Saturday, 12 March 2011

What do you call your grandparents?

If you're like me and of mixed ethnic origin, the answer is , "a lot of things."

Here in Canada we called my Irish grandfather Grampa -- though the Irish tradition would have been Granda. 

My Italian grandparents were called Ma and Babbo (Italian for daddy) because of a generation overlap.  You see, my eldest cousins were living in the same house as my grandparents and my youngest Aunt.  Naturally she called her parents Ma and Babbo.  And so did my cousins.  So... we all did.  Ma was Ma to her great-great-grandchildren.  We called Ma and Babbo's mothers Nona.  I know proper Italian is "nonna."  Was Nona a spelling from Furlan or the Marciagian dialect?  Or were we just uneducated?

Whatever the reason, Nona lives on.  When my daughter, "the Bean," was born, we decided that she would call my Sweetie's father Grampa, since her elder cousins had set that in stone.  And my parents would be Nona and Granda.  The Granda thing didn't stick.  It's hard for the North American tongue.  Granda became Grandad.   For a while.  Then the Bean started talking.  Her vocabulary started to flesh out at around 20 months.  That Christmas, my parents were Goo and Gung.  At that point, Gung meant Granda, Grampa, guy with gray hair, and a pink Beany Baby bear (who knows?).  Eventually though, my mom became Nona.  And Gung got narrowed down to my dad.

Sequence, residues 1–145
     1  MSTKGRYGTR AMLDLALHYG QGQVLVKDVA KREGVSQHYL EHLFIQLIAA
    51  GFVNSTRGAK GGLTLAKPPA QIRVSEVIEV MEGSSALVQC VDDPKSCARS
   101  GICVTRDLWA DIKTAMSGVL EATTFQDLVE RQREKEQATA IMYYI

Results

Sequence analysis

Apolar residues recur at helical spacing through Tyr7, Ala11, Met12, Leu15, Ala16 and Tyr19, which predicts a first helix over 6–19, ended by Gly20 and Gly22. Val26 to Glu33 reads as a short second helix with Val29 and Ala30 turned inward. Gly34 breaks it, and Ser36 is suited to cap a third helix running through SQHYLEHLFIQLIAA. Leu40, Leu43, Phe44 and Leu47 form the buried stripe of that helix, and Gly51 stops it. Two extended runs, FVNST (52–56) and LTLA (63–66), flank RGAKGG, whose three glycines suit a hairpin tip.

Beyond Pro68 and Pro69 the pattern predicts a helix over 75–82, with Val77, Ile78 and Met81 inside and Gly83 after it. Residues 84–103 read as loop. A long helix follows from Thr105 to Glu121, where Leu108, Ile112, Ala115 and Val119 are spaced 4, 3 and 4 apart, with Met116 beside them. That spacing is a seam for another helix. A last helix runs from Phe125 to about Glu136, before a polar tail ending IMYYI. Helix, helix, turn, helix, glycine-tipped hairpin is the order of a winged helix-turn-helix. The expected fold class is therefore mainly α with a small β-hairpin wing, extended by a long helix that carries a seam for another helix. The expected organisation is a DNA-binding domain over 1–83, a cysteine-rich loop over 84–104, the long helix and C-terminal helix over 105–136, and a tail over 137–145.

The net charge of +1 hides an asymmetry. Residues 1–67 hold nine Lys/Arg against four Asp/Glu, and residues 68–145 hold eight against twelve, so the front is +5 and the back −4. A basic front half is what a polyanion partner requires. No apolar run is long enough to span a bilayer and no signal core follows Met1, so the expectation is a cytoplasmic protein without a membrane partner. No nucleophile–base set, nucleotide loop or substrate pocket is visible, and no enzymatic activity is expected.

My brother's since had his own sweet little girl, "Little Woman".  He tells her that our parents are called Nona and Grampa.  We'll see.  The Bean says he's Gung.  And I can already tell Little Woman has a mind of her own.

What do you call your grandparents?  And why?

1 comment:

  1. I too come from a mixed ethnic background, and therefore also grew up with a a variety of titles for the grandparents in my family. Fortunately, or unfortunately, depending on whether you're a glass half-full or half-empty kind of person, I only ever knew my English paternal grandfather, who was my Grandad, and his third wife, who was my Granny (step-granny, I guess).

    My mother's Ukrainian immigrant parents passed away long before I was born, but my eldest sibling, I believe, called my maternal grandfather Gita in the Ukrainian tradition. My nephews and and nieces called my mom the Ukrainian "Baba" and my dad plain ol' Grampa. A Ukrainian classmate of mine in University called her grandmother Babchi.

    Great blog - I look forward to future posts!